attempt to find a compact language to discuss these matters scientifically. 1210In the literature, inflation targeting is usually presented as a response to the perceived failure of money supply targeting, and the need for an explicit target is all bound up with concerns about accountability. These operational and political concerns are important but not so fundamental, I think, as the issue of ensuring the commercial value of the currency in the first place. 1311The current apparent consensus in favor of price stability as the primary goal of central bankers needs to be understood in this context. It does not stem, so it seems to me, from a longrun vertical Phillips curve view of the world, nor from any other ideological preconception that the economists ideal world of free markets resembles closely the actual world. It is a pragmatic 14

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that, because each country uses its own price index, even successful inflation targeting does not necessarily guarantee the long run exchange rate relative to any other currency. Unlike the 19th century, were apparently not trying to establish a mono-centric system of fixed exchange rates, only a system in which the central currencies fluctuate within reasonable bounds. Where does this leave the US, which sits at the center of the hierarchy? Even the US needs to concern itself with its place in the hierarchy of money, and the reason is the multicentric character of the system. There are advantages to being at the center, of which the oftremarked seigniorage is probably one of the smallest; it is not just the state that can borrow at lower interest rates, but also all the borrowers arrayed below it in the hierarchy. That said, it is important to remember that the alternative centers are not just Europe and Japan, but also (at least potentially) the highest quality commercial credits. Historically, states have not always been the best credits. It is clear however that states that have been able to put their credit on a commercial basis have subsequently enjoyed much greater freedom of maneuver. Not just war finance, but also health, education and retirement finance depend crucially on the credit standing of the state. When central bankers talk about price stability as their highest goal, they should be understood as defending the natural hierarchy of money that makes such credit operations possible.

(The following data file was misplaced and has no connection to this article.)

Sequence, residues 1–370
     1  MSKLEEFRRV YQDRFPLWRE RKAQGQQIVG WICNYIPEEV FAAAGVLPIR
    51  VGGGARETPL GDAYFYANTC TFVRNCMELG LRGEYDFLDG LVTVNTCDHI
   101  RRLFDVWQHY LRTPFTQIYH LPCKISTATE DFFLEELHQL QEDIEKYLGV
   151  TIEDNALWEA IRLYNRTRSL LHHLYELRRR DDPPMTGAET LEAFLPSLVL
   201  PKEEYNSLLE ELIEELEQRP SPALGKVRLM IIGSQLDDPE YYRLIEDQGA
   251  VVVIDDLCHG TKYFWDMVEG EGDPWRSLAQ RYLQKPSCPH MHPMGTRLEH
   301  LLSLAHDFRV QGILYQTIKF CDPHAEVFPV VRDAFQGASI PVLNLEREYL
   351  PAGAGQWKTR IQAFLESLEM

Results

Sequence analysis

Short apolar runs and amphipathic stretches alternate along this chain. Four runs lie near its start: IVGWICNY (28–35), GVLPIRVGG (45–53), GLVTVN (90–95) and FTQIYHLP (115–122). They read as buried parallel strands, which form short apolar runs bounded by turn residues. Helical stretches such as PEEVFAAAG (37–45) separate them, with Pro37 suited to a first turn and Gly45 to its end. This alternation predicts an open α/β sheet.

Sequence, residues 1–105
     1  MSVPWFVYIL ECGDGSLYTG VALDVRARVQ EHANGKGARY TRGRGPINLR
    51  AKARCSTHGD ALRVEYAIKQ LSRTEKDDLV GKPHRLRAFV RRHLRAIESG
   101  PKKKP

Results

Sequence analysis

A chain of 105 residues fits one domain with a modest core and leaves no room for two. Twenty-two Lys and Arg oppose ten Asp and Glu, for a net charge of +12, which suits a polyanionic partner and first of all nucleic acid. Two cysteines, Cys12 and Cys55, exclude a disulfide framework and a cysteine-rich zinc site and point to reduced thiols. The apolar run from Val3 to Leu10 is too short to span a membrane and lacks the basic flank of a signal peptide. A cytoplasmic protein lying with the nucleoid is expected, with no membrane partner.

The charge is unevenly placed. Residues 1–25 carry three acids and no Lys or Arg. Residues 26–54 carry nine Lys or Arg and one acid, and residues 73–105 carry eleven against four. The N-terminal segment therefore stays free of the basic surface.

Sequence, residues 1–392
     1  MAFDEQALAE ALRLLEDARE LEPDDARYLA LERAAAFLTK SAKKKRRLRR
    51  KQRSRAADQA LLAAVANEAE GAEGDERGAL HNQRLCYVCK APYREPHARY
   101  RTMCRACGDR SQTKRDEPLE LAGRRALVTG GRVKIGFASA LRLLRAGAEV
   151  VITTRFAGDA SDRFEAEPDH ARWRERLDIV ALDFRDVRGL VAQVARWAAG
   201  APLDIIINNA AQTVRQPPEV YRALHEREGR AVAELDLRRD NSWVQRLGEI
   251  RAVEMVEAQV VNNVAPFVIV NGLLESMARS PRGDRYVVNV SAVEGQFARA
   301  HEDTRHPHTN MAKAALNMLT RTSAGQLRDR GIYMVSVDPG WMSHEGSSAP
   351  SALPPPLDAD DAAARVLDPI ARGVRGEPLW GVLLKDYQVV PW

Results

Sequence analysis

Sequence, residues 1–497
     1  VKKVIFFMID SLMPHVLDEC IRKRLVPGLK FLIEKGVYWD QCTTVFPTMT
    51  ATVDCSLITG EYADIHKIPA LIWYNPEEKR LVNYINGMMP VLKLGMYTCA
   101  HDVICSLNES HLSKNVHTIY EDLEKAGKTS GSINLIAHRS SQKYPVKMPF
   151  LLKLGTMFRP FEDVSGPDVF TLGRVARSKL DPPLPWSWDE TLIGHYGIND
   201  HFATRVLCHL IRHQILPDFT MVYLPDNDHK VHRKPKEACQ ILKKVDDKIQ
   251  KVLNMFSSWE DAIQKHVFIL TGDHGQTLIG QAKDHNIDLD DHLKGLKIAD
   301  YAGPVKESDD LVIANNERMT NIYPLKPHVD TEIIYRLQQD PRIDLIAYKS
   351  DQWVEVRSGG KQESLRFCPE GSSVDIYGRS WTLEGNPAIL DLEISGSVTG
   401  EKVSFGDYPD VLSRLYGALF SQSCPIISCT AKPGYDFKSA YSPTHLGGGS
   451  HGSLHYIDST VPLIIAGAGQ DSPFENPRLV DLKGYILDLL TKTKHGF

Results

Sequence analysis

Conclusion judgment about the limitations placed on monetary policy by the current organization of speculative markets. 14 Similarly, the current consensus in favor of independence is not so much about the academics fear of election-motivated interference with policy, and more about maintaining the natural hierarchy by maintaining the distinction between credit and money, even when that credit is issued by the government (Treasury) and the money is a national currency issued by a quasi-